‘Every Day Is Frightening’: Working For Walmart Amid Covid-19 Shutdown, Says Former Employee Read on to find out how some of the world’s biggest corporations are trying to survive the coronavirus disruption and their workers are having to work without pay.
With more than 4 million cases and more than 290,000 deaths worldwide, COVID-19 is the new global pandemic. So far, the U.S. is the most affected country in the world with more than 3 million cases and more than 80,000 deaths, according to COVID-19.
In the U.S., Walmart is one of the biggest employers with about 800,000 full time employees. More than 3,700 stores are operating as non-essential during the virus shutdown, including about 2,200 Walmart stores.
In fact, Walmart is operating stores with an average occupancy of 1,240 people during the shutdown, according to the company’s own data, compared to about 1,000 people at its busiest stores on Black Friday.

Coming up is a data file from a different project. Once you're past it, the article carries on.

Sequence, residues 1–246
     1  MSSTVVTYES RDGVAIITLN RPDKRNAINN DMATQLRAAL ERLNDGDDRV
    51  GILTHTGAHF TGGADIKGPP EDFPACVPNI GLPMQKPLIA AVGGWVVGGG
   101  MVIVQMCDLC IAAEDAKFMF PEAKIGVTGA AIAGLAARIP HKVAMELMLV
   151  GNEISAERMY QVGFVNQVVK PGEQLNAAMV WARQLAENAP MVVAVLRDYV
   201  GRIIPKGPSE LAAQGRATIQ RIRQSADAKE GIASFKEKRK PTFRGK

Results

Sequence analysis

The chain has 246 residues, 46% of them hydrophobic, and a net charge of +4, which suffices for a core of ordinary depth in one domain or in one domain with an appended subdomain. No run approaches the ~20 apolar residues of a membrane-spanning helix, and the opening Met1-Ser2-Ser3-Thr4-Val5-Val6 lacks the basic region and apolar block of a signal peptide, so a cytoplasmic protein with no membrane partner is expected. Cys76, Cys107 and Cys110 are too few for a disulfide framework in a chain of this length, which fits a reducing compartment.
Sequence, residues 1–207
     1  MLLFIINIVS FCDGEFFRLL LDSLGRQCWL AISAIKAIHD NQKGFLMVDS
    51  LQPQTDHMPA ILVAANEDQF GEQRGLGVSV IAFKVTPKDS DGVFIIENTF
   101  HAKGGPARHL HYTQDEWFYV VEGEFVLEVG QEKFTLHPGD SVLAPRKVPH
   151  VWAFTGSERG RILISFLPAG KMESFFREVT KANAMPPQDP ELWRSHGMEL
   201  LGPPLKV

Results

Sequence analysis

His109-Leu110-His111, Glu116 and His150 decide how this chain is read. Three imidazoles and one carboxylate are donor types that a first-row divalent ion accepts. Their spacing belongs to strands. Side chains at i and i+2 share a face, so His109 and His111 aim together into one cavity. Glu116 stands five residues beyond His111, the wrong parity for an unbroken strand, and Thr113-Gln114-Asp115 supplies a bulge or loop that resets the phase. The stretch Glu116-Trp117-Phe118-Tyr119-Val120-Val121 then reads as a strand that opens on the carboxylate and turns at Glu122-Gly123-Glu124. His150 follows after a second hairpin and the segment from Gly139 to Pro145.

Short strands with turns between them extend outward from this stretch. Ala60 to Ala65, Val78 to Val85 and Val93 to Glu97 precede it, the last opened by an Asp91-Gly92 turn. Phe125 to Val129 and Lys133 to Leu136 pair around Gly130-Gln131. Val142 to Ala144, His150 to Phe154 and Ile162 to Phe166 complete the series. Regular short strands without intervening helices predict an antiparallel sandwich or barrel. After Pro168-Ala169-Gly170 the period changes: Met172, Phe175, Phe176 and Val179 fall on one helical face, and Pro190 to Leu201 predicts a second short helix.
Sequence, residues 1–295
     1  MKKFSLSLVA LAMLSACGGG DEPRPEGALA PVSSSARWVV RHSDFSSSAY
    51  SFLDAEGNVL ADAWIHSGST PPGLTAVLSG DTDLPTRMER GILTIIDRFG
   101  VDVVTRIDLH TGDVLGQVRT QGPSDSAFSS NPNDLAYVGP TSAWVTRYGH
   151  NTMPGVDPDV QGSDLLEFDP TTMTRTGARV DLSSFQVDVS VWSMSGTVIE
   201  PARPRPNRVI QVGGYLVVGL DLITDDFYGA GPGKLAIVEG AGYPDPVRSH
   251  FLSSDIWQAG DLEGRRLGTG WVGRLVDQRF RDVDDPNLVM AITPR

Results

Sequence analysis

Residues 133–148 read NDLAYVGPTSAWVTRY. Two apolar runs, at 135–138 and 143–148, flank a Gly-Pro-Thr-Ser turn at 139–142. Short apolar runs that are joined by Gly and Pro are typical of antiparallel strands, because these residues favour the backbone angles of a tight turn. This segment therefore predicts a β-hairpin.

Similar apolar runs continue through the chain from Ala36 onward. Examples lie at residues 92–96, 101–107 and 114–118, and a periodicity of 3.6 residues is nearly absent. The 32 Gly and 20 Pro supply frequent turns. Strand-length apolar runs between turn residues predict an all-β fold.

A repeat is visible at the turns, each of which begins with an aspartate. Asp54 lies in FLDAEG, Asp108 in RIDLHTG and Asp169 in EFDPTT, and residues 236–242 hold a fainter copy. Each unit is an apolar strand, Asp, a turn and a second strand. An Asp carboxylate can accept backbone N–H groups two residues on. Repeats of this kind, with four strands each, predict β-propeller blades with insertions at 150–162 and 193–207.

At Walmart, about 1,300 employees are at risk of being infected with the virus, according to the company.
“It’s scary,” said former member of Walmart’s health and safety committee, who did not want to be named. “Every day is frightening.”
In the aftermath of the COVID-19 pandemic, Walmart is trying to figure out how to continue to offer their services to customers during the shutdown.
“We’re having to figure out how to ensure that we provide the same experience to our customers,” said Brian Nick, Walmart’s senior vice president of global operations.
Walmart has hired 50 temporary workers to fill the gap in staffing, he said.
“This is a real time-consuming process. People are working here to figure out how to stay profitable and stay in business,” said Nick.
Walmart is still collecting data on how many of its stores are at risk of opening, Nick said.
He added that Walmart has not asked their employees to leave. Some workers have been asked to take unpaid